Most ricotta recipes call for using whey and have a very low yield. I discovered this variation one day when I was in the middle of making queso blanco and a goat went into labor. I had just added the vinegar when I was called out to the barn. A few hours later, I came back into the kitchen and realized I had completely forgotten about my queso blanco, which had cooled to room temperature. I tried draining it in the cheesecloth, but it would not knit. It fell apart into crumbles when I opened the cheesecloth. Of course, I was disappointed at first, but then I realized that it looked a lot like ricotta, although a little drier. When using Nigerian Dwarf goat milk, which is 5 to 6 percent butterfat, this recipe makes enough for a 9 X 13 inch pan of lasagna. If you are using milk with lower butterfat, you can double the recipe.
Makes 2–4 cups
2 quarts milk
2 tablespoons vinegar
Heat the milk on low to 190°F. Add the vinegar and stir. When the curds and whey separate, put the pot into a sink filled with cold water. The water should come up to the level of the milk in the pot. Stir to reduce the temperature quickly while keeping the curds separated. When the temperature is down to 90°F, drain the curds through a cheesecloth-lined colander. The curds can be used immediately in your favorite recipe or can be stored in a covered container in the refrigerator. Do not buy “ultra-pasteurized” milk at the store for cheese making because it has been heated to 280°F and will not turn into cheese, yogurt or anything else that requires cultures to grow or curds to form.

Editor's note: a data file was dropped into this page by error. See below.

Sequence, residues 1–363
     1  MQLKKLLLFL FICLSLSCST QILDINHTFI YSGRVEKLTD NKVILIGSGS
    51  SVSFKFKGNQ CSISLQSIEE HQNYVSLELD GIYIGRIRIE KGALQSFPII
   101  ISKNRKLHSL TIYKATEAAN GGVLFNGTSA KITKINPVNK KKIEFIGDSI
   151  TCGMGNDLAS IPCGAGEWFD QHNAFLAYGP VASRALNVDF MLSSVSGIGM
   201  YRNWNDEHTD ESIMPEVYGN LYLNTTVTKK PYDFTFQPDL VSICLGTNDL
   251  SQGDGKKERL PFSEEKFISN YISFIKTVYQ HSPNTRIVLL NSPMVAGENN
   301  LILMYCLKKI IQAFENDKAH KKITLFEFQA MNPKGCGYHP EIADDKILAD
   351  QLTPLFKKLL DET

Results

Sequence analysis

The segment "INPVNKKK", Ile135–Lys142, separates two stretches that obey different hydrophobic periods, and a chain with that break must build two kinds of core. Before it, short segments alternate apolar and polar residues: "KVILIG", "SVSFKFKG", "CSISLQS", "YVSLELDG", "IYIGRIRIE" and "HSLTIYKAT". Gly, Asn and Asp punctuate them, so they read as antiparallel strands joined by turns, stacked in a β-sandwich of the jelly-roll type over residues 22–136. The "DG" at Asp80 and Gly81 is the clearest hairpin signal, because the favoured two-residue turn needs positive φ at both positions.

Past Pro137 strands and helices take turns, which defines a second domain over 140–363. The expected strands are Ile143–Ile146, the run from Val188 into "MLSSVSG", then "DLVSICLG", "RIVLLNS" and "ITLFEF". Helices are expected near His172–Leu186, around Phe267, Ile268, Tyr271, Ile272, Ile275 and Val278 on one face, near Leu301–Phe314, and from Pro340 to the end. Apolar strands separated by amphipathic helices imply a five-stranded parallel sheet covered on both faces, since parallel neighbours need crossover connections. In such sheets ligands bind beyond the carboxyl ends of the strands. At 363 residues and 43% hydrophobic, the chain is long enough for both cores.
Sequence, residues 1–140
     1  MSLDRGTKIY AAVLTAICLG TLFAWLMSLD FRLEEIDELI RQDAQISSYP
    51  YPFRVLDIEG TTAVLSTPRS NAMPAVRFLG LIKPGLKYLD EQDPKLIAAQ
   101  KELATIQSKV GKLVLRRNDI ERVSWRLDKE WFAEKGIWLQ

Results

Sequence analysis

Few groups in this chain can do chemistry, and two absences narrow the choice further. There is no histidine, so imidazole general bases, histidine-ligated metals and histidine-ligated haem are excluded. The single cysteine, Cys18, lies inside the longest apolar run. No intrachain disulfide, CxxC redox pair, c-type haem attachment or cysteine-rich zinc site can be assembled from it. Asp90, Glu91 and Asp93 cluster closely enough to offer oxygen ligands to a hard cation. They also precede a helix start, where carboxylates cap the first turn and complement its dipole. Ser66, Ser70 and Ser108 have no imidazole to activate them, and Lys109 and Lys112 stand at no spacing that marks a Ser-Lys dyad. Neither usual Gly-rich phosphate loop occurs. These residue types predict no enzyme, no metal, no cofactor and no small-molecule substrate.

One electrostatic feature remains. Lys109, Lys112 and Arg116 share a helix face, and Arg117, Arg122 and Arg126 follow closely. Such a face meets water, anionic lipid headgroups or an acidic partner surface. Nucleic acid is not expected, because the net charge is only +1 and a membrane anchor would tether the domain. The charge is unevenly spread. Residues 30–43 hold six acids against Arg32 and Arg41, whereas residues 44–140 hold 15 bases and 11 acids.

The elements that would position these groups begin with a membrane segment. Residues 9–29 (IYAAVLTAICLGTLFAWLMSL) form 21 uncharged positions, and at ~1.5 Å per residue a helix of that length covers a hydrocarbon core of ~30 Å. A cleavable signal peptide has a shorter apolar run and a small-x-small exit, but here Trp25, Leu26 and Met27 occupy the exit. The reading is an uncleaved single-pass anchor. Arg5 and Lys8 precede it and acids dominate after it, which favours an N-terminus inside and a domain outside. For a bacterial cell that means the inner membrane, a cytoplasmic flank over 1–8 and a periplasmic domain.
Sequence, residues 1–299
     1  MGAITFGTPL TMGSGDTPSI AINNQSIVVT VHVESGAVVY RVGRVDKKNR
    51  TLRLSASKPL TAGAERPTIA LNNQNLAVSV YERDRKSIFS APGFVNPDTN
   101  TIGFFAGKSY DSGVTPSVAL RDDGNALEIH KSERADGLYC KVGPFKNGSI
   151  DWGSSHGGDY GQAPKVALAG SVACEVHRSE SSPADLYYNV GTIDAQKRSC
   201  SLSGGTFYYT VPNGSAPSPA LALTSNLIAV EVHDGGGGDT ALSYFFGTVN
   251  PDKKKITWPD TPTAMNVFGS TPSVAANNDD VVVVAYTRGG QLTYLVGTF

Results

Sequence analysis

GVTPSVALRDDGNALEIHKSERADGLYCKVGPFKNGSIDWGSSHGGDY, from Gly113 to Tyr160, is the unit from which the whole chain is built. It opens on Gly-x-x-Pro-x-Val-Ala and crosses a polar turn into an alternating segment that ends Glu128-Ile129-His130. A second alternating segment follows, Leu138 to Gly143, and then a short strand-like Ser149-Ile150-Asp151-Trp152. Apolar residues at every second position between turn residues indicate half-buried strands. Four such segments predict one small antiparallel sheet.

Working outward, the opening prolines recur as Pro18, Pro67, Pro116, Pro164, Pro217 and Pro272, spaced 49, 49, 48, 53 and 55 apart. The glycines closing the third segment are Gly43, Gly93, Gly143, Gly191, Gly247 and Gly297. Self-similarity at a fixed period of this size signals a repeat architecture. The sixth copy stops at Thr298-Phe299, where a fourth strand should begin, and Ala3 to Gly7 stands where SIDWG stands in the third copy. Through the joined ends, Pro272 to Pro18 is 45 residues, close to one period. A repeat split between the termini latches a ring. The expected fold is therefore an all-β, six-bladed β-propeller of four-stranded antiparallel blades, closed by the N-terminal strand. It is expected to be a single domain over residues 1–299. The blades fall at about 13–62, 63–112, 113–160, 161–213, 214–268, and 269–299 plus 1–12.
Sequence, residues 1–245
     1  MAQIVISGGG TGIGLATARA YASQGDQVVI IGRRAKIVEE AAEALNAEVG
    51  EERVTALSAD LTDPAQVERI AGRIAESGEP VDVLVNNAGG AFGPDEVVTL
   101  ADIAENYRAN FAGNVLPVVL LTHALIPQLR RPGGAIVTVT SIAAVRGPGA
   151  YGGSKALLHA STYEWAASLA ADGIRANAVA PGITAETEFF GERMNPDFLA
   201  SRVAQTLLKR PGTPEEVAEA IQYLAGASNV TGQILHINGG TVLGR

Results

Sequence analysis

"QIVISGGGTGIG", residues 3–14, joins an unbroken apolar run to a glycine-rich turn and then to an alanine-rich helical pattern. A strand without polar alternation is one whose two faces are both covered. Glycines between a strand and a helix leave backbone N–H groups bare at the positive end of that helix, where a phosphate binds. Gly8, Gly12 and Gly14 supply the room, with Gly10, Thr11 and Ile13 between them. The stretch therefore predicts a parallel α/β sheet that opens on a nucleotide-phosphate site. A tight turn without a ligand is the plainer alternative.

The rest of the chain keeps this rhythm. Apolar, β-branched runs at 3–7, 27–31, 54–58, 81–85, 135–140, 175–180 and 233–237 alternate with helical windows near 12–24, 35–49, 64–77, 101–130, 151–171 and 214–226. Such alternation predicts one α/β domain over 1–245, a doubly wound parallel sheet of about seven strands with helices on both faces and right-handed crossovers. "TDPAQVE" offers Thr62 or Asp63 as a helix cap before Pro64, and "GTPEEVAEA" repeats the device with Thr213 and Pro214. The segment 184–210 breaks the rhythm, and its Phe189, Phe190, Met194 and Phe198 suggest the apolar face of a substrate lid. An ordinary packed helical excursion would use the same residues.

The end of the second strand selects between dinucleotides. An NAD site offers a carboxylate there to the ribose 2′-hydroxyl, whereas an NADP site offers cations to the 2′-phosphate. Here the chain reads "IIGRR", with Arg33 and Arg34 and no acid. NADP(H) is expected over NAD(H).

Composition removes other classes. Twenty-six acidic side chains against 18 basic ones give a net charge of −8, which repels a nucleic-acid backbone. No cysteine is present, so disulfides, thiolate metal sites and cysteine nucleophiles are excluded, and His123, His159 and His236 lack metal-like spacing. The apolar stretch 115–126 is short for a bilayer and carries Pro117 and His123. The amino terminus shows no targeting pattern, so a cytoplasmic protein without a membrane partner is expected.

This is an excerpt from Homegrown & Handmade: A Practical Guide to More Self-Reliant Living.
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